Friday, September 29th, 2023

Breaking News for

Sportsmen Since 1967

Friday, September 29th, 2023

Breaking News for

Sportsmen Since 1967

Associated Press

Flamingos visit Wisconsin for first time in state history as onlookers gather at Lake Michigan beach

Five flamingos that showed up in Wisconsin to wade along a Lake Michigan beach attracted a big crowd of onlookers eager to see the unusual visitors venturing far from their usual tropical setting.

The American flamingos spotted last Friday in Port Washington, about 25 miles north of Milwaukee, marked the first sighting of the species in Wisconsin state history, said Mark Korducki, a member of the Wisconsin Society for Ornithology, the Milwaukee Journal Sentinel reported.

Michigan man cleared of killing two hunters will get $1 million

The state of Michigan has agreed to pay $1.03 million to a man who spent nearly 21 years in prison for the deaths of two hunters before the convictions were thrown out in February.
Jeff Titus, 71, qualified for compensation under the state’s wrongful conviction law, which pays $50,000 for every year behind bars. Records show Court of Claims Judge James Redford signed off on the deal on Aug. 23.

Beyond Minnesota: Interior cancels remaining leases in Alaska’s Arctic National Wildlife Refuge

The U.S. Interior Department on Sept. 6 canceled the remaining seven oil and gas leases in Alaska’s Arctic National Wildlife Refuge that were part of a sale held in the waning days of the Trump administration. The Biden administration move angered state political leaders, including Alaska’s Republican governor, who threatened to sue.

In California, proposed tax on guns, ammo would pay for school safety

California lawmakers on Sept. 7 voted to raise taxes on guns and ammunition and use the money to pay for gun violence prevention programs and security improvements at public schools.
The federal government already taxes the sale of guns and ammunition nationwide. The government gives that money to the states, which spend it on wildlife conservation and hunter safety programs. California’s proposed tax, if it becomes law, would be 11% – matching the highest tax imposed by the federal government on guns.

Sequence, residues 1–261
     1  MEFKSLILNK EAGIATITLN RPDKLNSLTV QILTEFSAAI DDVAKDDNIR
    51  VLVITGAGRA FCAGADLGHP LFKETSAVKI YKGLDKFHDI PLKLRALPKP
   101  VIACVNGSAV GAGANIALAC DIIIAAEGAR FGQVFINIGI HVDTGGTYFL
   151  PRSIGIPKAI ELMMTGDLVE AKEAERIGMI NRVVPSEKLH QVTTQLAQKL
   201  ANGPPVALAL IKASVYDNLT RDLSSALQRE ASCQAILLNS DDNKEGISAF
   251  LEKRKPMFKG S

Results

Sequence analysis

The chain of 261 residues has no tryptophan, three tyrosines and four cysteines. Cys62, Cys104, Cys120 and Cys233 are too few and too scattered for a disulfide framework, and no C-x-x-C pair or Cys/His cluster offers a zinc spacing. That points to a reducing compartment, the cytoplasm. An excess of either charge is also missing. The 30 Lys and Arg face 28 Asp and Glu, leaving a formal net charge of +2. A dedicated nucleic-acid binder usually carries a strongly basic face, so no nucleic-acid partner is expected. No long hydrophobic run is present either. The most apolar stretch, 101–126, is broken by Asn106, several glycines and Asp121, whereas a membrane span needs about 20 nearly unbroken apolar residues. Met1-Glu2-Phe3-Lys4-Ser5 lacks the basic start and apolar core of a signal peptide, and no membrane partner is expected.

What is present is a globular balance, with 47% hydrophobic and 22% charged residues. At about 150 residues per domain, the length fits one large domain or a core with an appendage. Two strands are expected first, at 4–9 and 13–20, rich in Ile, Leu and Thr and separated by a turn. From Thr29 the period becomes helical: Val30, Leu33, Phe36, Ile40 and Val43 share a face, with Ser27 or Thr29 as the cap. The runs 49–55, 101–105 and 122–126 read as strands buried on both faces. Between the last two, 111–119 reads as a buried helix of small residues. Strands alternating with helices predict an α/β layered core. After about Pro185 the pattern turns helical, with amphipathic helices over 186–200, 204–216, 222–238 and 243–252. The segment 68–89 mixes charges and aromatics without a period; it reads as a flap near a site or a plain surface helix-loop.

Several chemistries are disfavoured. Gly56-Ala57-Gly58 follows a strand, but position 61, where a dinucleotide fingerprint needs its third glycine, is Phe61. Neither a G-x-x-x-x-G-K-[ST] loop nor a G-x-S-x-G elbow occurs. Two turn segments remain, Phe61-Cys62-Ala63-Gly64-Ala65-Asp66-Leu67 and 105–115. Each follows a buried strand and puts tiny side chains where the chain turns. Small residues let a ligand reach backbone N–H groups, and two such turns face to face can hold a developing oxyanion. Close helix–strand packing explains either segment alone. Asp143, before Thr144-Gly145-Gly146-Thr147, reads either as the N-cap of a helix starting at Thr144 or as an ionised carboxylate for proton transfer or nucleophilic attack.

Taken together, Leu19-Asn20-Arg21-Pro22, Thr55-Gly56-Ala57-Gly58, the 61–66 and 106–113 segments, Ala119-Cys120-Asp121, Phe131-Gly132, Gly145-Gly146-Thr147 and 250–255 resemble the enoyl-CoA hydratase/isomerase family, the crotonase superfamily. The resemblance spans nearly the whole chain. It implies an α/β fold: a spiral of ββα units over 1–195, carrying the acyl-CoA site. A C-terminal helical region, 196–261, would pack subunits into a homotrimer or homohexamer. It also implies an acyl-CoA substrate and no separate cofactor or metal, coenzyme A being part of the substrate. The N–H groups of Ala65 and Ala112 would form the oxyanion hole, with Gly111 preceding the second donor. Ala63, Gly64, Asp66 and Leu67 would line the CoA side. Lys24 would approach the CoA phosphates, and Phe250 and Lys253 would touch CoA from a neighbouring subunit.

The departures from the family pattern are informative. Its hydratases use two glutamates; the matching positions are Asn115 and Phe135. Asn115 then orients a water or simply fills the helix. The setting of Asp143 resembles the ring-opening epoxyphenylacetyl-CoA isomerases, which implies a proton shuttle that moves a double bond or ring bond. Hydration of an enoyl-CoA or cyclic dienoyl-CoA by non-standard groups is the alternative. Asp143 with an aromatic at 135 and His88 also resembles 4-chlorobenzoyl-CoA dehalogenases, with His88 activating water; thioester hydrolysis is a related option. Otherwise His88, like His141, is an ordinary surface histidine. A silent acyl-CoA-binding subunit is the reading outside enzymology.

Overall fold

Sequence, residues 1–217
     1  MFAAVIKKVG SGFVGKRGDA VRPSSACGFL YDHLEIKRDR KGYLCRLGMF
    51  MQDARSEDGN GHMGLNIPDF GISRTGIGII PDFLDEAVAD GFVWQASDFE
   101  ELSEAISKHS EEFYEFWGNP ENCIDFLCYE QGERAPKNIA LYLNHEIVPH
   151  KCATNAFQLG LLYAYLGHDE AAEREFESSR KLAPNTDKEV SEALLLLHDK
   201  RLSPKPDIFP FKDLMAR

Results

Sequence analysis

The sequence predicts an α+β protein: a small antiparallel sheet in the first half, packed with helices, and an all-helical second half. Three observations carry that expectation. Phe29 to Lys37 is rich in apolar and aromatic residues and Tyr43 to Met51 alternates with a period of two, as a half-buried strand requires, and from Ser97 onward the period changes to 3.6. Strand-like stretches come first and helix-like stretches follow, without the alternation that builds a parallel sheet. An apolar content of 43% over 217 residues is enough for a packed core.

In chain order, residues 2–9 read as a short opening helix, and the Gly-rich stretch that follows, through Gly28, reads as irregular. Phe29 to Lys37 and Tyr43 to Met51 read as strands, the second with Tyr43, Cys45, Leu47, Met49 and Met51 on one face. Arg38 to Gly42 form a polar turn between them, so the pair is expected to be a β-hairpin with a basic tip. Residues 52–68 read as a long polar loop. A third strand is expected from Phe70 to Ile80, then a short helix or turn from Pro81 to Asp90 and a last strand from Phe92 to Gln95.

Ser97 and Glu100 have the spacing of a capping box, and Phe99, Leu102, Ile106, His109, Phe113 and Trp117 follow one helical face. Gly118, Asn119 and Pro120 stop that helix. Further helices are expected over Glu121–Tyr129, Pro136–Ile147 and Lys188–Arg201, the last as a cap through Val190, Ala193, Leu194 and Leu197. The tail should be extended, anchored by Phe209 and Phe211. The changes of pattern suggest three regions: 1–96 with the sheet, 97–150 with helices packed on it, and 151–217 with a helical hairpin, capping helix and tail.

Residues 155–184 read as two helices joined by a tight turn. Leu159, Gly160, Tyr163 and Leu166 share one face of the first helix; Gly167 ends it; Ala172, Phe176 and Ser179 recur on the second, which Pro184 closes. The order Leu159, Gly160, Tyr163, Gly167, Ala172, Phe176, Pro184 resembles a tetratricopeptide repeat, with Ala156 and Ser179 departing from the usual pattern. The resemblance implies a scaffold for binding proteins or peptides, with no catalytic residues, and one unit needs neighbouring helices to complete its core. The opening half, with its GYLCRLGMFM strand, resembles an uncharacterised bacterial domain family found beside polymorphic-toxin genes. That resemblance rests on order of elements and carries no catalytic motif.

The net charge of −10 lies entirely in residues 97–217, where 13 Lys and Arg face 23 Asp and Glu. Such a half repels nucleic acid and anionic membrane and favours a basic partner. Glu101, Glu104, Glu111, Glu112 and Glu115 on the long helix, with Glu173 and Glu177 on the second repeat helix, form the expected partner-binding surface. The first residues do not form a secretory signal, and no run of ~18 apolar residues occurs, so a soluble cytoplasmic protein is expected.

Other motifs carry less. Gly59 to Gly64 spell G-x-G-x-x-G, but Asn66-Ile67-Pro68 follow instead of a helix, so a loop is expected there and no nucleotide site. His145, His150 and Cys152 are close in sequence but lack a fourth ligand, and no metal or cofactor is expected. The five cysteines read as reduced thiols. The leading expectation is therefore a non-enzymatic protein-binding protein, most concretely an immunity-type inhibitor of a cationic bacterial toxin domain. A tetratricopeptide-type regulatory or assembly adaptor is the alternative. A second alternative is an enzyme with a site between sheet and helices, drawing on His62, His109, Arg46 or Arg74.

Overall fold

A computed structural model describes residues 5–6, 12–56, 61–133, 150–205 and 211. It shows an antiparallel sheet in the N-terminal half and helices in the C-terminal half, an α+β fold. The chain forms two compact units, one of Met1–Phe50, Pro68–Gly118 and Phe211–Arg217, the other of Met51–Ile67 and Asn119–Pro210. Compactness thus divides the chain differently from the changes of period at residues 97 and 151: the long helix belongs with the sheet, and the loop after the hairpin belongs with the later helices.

Authorities search for grizzly bear that mauled a Montana hunter

Officials have closed part of the Custer Gallatin National Forest in southwestern Montana after a hunter was severely mauled by a grizzly bear.
The hunter was tracking a deer on Sept. 8 when the bear attacked, according to the Gallatin County Sheriff’s office. Members of the hunting party called 911 at about 1:45 p.m., the Bozeman Daily Chronicle reported, and emergency crews used a helicopter ambulance to fly the hunter to a nearby hospital.

Endangered red wolves need space to stay wild, but humans stand in the way

Jeff Akin had to bite his tongue.
He was chatting with a neighbor about efforts to protect and grow the area’s red wolf population. The endangered wolves are equipped with bright orange radio collars to help locals distinguish the federally protected species from invasive, prolific coyotes.
“If I see one of those wolves with a collar on, I’m going to shoot it in the gut, so it runs off and dies,” Akin says the neighbor told him. “Because if it dies near you, and they come out and find the collar, they can arrest you.”
Akin is a hunter and the walls of his country house are lined with photos of the animals he’s killed. But what he heard made him sick.

Boy, 7, injured by bear in New York’s Westchester County

A black bear attacked a 7-year-old boy outside his family’s home in suburban New York, sending the child to a hospital with injuries that were not life threatening, officials said.
The attack happened shortly after 11 a.m. on Aug. 22,  outside a home in Bedford, about 45 miles northeast of New York City. North Castle Police Chief Peter Simonsen told News 12 Westchester that the child was playing in his backyard with a sibling when the bear attacked.

After Supreme Court curtails federal power, Biden administration weakens clean water protections

The Biden administration weakened regulations protecting millions of acres of wetlands Tuesday, saying it had no choice after the Supreme Court sharply limited the federal government’s jurisdiction over them.
The rule would require that wetlands be more clearly connected to other waters like oceans and rivers, a policy shift that departs from a half-century of federal rules governing the nation’s waterways.

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